I grew up in a loud, south-side Chicago Irish family. We didn’t use much of a filter.
We spoke when and what we thought and let it roll off our backs like water. Our custom was more, “Hey! Here it is! Pick it up or leave it on the ground!”
We didn’t hide our feelings.
Not until my brother got married did I realize that not everyone grew up in a loud “Ma where’s the cereal!” household like we did.
One night at a family dinner, my family was being, for lack of a better word, us. We were telling it to each other like it was, being the smart-ass teasers we are, joking, laughing and yelling over meatloaf.
I remember looking over at my new sister-in-law who appeared to be shell-shocked and frozen in time. She was slack-jawed and staring from person to person. “New kid,” I thought.
The night went on with us laughing, shouting and ribbing each other. A great time had by all. Well, almost all.
Later, I heard that she asked my brother why we were so mean to each other. My brother had no idea what she was talking about. Her response: “You all interrupt each other so much, yell at each other and cut each other down.”
What appeared to be complete disrespect and chaos to my sister-in-law was merely another night in the Conway family.
Contrary to the loud Irish upbringing I had, my new sister-in-law came from a quiet Dutch family. They are highly mannered and extremely polite. This type of chaos was pure culture shock to her.
As a yoga teacher, business owner and mom to teenagers, I have begun to see how much weight my words carry.
Now that I am a bit older (and wiser, I hope) I take the responsibility of my words more seriously. No longer does each and every thought I have come flying out of my mouth.
There are times when I intentionally try to hold it in. I count to 10or take a peace breath. I wait it out.
But like yoga, this restraint is a practice.
For example, when my organically gorgeous assistant manager comes to work with tears streaming down her face because her boyfriend cannot see the beauty that radiates inside her, which in turn makes her not see it, I want to jump up on the counter, grab a megaphone and start the lecture!
My teacher Shakti Redding introduced me to the Four Gates of Communication . You take one gate at a time and move through the process to determine what, if, when and how a communication should take place.
Gate Number One: Is it Truthful?
Answering this question determines whether the thought you want to convey is perception or fact. Most people would not intentionally decide to blurt out a lie so we get past this gate quickly.
Gate Number Two: Is it Necessary?
There is an old yogic wisdom that says, “If your words aren’t benefiting the universe don’t say them.”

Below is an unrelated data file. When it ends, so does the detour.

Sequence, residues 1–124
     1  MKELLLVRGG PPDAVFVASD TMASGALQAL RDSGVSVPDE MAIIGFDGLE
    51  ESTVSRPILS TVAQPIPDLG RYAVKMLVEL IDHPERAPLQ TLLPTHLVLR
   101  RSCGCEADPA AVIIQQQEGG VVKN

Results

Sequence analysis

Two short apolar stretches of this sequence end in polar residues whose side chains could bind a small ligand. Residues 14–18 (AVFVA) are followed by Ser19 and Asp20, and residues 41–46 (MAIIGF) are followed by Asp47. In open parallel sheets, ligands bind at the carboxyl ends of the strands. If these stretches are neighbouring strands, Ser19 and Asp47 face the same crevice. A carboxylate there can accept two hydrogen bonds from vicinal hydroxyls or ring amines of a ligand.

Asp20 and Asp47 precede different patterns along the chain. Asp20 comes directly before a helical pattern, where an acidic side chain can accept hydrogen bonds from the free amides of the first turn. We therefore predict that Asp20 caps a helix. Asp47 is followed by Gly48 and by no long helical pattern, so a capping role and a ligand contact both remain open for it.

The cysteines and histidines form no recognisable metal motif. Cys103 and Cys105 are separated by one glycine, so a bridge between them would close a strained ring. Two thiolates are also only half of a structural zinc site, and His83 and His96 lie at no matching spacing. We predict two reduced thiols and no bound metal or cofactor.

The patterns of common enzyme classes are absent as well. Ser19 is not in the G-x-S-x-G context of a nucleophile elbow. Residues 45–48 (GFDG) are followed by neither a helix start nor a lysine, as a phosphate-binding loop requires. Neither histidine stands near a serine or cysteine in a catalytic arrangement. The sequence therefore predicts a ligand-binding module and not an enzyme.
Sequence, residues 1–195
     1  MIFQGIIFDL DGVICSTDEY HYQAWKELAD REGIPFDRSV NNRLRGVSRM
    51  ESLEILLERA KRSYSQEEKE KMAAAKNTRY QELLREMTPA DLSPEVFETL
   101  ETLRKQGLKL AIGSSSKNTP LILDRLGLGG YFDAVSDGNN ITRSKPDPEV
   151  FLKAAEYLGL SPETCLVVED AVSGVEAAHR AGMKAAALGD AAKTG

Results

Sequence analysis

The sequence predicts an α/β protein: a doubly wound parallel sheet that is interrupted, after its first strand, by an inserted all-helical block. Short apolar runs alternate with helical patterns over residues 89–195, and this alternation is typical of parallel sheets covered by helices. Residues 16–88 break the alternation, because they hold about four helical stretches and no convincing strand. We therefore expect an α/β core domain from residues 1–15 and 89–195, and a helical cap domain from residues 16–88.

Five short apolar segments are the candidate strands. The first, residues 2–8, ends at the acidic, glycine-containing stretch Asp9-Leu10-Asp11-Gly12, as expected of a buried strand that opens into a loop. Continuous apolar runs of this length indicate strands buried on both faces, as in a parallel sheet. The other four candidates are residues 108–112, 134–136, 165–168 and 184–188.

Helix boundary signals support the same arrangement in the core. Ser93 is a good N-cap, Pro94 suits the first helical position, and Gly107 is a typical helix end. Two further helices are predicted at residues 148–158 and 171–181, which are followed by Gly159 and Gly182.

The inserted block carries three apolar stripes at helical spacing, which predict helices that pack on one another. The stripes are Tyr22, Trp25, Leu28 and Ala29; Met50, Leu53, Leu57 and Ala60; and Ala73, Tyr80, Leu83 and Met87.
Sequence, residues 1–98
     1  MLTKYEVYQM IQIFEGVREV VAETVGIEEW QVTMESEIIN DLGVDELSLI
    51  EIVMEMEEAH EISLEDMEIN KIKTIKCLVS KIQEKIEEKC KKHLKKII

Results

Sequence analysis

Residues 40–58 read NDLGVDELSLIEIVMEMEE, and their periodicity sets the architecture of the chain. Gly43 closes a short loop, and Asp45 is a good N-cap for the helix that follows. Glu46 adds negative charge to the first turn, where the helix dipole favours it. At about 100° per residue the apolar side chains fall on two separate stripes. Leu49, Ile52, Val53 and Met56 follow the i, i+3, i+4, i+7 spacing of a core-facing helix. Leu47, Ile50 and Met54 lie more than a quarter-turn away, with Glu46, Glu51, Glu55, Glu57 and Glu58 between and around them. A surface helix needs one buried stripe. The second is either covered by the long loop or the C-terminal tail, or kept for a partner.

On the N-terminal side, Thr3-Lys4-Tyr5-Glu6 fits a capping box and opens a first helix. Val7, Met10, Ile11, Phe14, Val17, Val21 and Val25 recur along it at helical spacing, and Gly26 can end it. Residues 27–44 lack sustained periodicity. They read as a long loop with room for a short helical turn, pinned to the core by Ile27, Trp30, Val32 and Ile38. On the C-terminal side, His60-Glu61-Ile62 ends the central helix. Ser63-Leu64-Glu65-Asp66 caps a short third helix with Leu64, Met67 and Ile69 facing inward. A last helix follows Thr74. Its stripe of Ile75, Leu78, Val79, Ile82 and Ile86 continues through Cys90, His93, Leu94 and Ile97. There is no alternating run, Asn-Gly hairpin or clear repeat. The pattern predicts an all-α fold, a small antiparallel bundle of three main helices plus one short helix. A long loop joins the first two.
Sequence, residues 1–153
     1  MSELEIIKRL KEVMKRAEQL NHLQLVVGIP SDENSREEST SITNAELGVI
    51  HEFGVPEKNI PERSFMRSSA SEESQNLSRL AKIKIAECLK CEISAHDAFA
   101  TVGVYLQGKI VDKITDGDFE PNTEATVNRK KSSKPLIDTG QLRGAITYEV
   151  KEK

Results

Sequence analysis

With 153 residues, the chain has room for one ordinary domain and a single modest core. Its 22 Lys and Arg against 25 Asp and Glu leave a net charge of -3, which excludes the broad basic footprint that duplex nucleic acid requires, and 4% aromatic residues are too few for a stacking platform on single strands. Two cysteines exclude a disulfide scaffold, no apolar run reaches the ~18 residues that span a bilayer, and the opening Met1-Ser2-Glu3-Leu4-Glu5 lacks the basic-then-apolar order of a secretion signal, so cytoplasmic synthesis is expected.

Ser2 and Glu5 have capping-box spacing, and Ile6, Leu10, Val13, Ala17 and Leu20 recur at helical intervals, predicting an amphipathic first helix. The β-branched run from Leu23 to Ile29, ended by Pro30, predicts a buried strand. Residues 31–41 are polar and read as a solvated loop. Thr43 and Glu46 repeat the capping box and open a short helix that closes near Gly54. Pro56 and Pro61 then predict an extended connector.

The idea is to prohibit your ego from doing the speaking. The next step in deciding whether to communicate a thought is to determine if it is something that needs to be said.
For example, your neighbor Mrs. Kruse is extremely obese and really does need to lose weight. Although this thought is truthful (Gate Number One), it is probably not necessary that you ring her doorbell tomorrow morning and tell her this.
Therefore, you do not make it through Gate Two. No need to communicate this thought.
Gate Number Three: Is this Appropriate at this Time?
This gate is the mother of all gates—determining whether the time is right to communicate this truthful and necessary thought.
For example, is Christmas Eve really the time you should bring up the fact that you believe your Uncle Joe should go to rehab? Yes, the thought may be truthful and yes it may be necessary, but no, this is not the appropriate time to tell him.
You don’t get to go through Gate Number Three. No need to communicate that thought right now.
Gate Number Four: Can this be said with Kindness and Compassion?
Once you have made your way through the first three gates, the next step is determining how to say what is truthful, what is necessary and what is appropriate for the time from a place of kindness and compassion.
For example, if your husband’s singing wakes you early one morning, you could say, “Stop singing at the top of your lungs! It’s 6 a.m. you knucklehead!”
Or you could say, “Hey Babe, can you please tone it down a bit? I am still trying to get some sleep.”
So now when my 16
-year-old daughter approaches me and begins the conversation, “Mom, I probably shouldn’t tell you this but. . .” before the next word comes out of her mouth I am calling in the Gate Keeper.
Colleen Rose is the founder and Director of Yoga 360, Inc, creator of the Conway Rose Skin Care Line, Yogalife Visionary, and most recently the founder of Granola Gear. A third generation yoga teacher, she approaches her professional endeavors with the same yogic principles she emphasizes with her students and in her own life: love, compassion and nurturance of self and others, reverence and responsibility for the planet, and an acknowledgement that we are all connected. With love and laughter, she works toward finding a comfortable balance in her classes, challenging her students to move toward positive change in all aspects of their lives.
Editor: Lara Chassin
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